Mating Robots 3D Print Their Babies After Exchanging Genomes
Machines procreate in groundbreaking evolutionary robotics project.
Dutch artificial intelligence researcher Guszti Eiben has developed robots that can procreate. The first pair of robots to demonstrate this are of modular, 3D-printed design: one is shaped like a four-legged, blue spider and the other a green gecko.
Red light dating
Before the robots begin their unique reproduction process, they go through a digital courtship. This involves the robots walking in close proximity to each other, exchanging their information via WiFi and ultimately deciding if they want to mate. The researchers involved in this project explain that this dating and mating process is reflective of an evolutionary system.
‚ÄúWe want to make robots smarter by using evolutionary processes,‚ÄĚ Eiben said in a video made by Vrije Universiteit Amsterdam, the Dutch university where this project was developed.
PhD student Jacqueline Heineman also explained that fitness is one of these processes. ‚ÄúThe better their fitness, the more chance they have of reproducing,‚ÄĚ she said.
The robots date in accordance with a red light motivator. They are programmed in such a way that they are motivated to walk toward a red light. Once they are in the space of the red light, they can communicate and mate.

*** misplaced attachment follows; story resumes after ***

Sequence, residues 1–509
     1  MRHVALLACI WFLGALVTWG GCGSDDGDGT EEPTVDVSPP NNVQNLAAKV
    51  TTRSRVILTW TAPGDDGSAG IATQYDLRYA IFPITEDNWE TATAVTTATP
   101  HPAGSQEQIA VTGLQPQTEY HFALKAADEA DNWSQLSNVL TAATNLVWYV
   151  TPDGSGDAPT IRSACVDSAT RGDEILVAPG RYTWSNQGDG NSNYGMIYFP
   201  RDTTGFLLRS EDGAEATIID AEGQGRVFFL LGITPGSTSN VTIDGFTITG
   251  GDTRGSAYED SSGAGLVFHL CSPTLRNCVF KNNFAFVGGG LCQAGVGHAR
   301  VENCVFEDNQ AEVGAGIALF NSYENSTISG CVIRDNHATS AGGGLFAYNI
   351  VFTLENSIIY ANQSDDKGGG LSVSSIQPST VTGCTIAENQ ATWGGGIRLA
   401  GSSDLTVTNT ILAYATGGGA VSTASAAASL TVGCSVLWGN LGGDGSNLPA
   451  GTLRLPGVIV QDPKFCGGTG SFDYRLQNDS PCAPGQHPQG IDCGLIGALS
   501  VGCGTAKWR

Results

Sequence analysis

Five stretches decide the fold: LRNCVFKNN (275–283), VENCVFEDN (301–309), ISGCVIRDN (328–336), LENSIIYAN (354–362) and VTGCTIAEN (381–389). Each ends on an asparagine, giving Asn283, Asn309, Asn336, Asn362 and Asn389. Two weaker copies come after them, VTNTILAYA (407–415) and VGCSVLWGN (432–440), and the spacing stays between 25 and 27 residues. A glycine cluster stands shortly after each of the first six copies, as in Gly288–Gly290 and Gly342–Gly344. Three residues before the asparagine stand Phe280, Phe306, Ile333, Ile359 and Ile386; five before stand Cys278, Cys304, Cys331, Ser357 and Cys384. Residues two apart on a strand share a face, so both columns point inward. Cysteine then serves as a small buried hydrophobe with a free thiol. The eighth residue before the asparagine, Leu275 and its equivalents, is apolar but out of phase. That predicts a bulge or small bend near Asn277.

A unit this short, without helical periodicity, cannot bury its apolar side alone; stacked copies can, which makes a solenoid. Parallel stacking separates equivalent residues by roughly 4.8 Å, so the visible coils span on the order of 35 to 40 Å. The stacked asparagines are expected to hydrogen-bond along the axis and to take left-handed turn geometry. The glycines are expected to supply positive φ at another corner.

Once the robots evaluate each other favourably, procreation begins. Although they are in close proximity to one another, they don‚Äôt have physical sex, other than accidentally walking into one another. Their mating process takes place on digital networks using WiFi.
Each robot has its own genome code, which they send across a WiFi network to what the developers have called the Birth Clinic, otherwise known as a 3D printer. The genomes are then rearranged to create a third genome, which is used to build a new robot.
The first robot baby was born on February 19, 2016, from its parents the blue spider and the green gecko. It has both blue and green components and is different from each of its parents. At this stage, the modular robot parts can be 3D printed but still need to be assembled by humans. Technology and moving parts cannot be printed as of yet.
This leap in the artificial intelligent life forms could cause concern for people who fear AI‚Äôs may take over the world. Eiben reassured the public by including a kill switch for this project. The kill switch looks less like a big red button and more like the off-switch for the Birth Clinic, a.k.a the 3D printers. Turning off the printers would stop the creation of more robot babies. They could still have virtual sex, but there would be no procreation involved.
Future of robot babies
As the robots continue to evolve ‚Äúthey [will] become better and better over time‚ÄĚ, Heineman said. This project proves the concept of evolution in robots as physical hardware is possible. Robot babies could encourage the study of evolution through new tangible life forms.
Eiben believes another use for the robot baby evolution is to develop the technology in such a way that it is applicable to robots or rovers on Mars. The space robots would then be able to redesign themselves if they run into any problems.